From China: Sichuan Province Colleges are re-opening but under strict conditions to do so

My College is opening!!

“Can we talk?”

The text came at 10 a.m. my time, 11 p.m. China time,  from my best friend Cathy, a departmental head in another college in Luzhou.

Absolutely!  I love talking to Cathy.  Aside from having wonderful English, she is a wealth of information, which she is always happy to share.

My virtual visit with Cathy

Our face-time began on my phone, with enthusiastic greetings of “long time, no see”  and a “hello!” from my mom as she stepped into screen view.   Cathy knows my mom well, both from my reports of her during our 18 years of friendship and also because she met my mom 3 years ago when she visited my hometown.

My frustrations of my delayed return  soon spilled into our conversation.  I launched into my lament that I felt I’d never get back to China:  The inability of my country to control the virus spread is disheartening;  The ban on incoming foreigners’ is still in place; My visa will expire soon, meaning an even longer delay in returning.

“I am sure you can return soon,” Cathy said with firm optimism and solid conviction.  She then went on to tell me about the upcoming opening of colleges in Sichuan, including my own.

Colleges are Opening:  A Bright Spot in China’s fight against the virus

To date, no colleges in Sichuan Province, and my city Luzhou (5 million), were yet allowed to re-open. Luzhou has more than 10 colleges of various educational levels:  3-year vocational and technical schools (similar to a junior college), 2-year trade schools (14 – 18 year olds learning a particular profession) and one full-fledge medical university (Southwest Medical University), which includes 400 foreign students from various developing countries studying to be doctors.  Campuses have remained empty of students, all having gone home during Spring Festival in mid-January and not being allowed to return due to COVID-19 concerns.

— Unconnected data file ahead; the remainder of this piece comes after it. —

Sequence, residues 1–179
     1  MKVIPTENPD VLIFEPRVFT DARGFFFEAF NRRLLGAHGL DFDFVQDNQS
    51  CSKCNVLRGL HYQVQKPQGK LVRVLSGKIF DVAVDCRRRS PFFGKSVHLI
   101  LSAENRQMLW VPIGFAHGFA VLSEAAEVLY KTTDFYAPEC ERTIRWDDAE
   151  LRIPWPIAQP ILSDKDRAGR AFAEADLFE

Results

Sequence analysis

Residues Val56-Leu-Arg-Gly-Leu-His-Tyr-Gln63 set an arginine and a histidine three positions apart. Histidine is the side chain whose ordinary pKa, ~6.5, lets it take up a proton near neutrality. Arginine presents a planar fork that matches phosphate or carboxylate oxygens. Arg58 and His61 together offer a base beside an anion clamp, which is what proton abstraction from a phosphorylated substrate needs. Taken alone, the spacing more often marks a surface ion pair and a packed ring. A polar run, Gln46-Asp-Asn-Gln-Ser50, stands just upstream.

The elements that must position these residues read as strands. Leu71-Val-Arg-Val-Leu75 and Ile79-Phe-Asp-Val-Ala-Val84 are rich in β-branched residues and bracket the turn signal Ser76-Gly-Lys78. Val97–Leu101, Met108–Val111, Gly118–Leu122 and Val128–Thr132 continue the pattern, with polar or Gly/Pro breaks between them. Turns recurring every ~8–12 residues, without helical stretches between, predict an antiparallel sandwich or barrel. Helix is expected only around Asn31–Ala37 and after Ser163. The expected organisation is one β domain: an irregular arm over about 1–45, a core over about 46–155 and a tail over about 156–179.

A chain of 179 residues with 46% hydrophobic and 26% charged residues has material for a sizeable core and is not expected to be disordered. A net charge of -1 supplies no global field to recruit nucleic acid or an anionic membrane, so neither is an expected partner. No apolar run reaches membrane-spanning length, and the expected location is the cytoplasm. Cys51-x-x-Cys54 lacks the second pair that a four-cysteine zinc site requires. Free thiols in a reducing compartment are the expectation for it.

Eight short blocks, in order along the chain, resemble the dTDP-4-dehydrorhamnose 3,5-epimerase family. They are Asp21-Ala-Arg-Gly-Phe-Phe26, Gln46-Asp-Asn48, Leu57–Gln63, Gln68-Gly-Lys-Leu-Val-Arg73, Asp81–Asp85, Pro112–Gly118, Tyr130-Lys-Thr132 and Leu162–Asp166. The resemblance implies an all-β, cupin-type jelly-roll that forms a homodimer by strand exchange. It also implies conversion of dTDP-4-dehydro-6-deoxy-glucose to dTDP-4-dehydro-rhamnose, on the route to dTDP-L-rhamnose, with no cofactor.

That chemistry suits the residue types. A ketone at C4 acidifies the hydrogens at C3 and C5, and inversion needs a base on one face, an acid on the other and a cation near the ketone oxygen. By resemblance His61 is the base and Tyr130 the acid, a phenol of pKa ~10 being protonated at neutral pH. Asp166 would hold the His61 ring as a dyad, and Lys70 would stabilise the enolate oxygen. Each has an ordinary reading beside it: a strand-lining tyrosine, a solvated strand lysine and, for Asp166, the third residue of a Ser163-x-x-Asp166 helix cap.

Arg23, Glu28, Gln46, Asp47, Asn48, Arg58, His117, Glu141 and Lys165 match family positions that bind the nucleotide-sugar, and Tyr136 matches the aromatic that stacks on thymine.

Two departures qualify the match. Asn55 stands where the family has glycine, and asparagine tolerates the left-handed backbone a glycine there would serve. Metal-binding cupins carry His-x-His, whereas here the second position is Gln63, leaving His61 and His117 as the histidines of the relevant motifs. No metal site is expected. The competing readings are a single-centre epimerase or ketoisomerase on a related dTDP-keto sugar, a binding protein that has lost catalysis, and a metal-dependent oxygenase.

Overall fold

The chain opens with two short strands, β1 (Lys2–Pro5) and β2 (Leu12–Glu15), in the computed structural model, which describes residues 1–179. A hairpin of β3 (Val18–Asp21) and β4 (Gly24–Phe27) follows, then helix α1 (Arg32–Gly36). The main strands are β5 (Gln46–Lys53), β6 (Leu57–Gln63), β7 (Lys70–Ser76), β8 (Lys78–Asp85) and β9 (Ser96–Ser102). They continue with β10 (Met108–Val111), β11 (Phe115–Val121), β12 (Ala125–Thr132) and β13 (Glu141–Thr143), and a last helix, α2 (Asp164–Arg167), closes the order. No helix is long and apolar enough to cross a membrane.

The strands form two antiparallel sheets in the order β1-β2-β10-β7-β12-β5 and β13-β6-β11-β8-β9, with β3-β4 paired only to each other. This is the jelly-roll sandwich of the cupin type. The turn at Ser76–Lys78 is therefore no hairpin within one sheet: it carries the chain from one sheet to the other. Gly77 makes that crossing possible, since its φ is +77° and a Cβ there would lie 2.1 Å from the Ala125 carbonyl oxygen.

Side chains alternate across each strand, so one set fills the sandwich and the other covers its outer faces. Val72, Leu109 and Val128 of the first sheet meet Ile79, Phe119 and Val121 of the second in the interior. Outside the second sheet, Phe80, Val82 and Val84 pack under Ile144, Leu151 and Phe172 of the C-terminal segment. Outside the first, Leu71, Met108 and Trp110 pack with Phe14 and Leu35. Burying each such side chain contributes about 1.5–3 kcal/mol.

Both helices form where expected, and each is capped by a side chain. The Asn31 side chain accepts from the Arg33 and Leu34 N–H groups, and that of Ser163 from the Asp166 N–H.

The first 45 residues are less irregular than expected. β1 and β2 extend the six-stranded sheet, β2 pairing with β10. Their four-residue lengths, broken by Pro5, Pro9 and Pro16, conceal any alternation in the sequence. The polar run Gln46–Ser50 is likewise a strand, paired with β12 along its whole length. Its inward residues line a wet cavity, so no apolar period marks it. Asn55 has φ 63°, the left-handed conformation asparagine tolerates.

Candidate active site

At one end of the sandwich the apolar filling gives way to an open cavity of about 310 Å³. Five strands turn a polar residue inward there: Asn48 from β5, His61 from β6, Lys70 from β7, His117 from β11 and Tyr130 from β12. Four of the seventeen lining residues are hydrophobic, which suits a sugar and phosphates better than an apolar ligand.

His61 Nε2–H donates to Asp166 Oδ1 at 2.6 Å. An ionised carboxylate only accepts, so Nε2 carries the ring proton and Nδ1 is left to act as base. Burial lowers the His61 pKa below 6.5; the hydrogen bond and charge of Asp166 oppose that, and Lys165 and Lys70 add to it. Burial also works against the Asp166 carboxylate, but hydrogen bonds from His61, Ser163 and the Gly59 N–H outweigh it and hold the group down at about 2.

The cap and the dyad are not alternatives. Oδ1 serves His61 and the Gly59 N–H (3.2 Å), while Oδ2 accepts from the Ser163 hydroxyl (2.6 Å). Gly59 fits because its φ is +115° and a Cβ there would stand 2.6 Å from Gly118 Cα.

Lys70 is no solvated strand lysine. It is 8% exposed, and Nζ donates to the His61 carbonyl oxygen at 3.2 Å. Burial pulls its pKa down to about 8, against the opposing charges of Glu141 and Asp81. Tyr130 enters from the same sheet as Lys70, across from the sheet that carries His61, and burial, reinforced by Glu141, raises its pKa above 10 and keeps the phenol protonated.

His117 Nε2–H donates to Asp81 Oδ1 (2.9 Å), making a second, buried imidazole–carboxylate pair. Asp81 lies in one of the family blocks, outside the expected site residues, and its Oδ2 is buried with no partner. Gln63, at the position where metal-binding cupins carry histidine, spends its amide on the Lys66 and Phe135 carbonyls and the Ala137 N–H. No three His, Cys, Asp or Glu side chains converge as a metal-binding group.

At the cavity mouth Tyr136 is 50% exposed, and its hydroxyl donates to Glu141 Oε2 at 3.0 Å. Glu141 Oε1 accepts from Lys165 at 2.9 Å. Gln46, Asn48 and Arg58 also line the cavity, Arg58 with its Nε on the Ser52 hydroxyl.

During the past months, some elementary schools,  high schools and  colleges went to online teaching.  All provincial  governments waited to receive notices from central Beijing on when to re-open schools and how.

High schools were first, then elementary schools and now, colleges.

Re-opening Requirements for Colleges, Including Mine